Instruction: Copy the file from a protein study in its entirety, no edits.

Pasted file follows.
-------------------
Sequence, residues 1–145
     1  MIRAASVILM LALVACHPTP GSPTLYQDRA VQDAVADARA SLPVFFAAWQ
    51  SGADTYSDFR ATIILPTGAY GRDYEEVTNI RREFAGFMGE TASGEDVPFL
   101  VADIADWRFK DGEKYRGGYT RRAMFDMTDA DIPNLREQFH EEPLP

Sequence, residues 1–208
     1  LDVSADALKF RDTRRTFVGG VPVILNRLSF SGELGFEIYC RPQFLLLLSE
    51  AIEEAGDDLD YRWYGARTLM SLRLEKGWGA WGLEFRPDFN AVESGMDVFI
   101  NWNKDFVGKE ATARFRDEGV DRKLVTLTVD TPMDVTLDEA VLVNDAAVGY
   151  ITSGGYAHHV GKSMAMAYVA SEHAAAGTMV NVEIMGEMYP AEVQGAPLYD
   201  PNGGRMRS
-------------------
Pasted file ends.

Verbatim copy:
Sequence, residues 1–145
     1  MIRAASVILM LALVACHPTP GSPTLYQDRA VQDAVADARA SLPVFFAAWQ
    51  SGADTYSDFR ATIILPTGAY GRDYEEVTNI RREFAGFMGE TASGEDVPFL
   101  VADIADWRFK DGEKYRGGYT RRAMFDMTDA DIPNLREQFH EEPLP

Sequence, residues 1–208
     1  LDVSADALKF RDTRRTFVGG VPVILNRLSF SGELGFEIYC RPQFLLLLSE
    51  AIEEAGDDLD YRWYGARTLM SLRLEKGWGA WGLEFRPDFN AVESGMDVFI
   101  NWNKDFVGKE ATARFRDEGV DRKLVTLTVD TPMDVTLDEA VLVNDAAVGY
   151  ITSGGYAHHV GKSMAMAYVA SEHAAAGTMV NVEIMGEMYP AEVQGAPLYD
   201  PNGGRMRS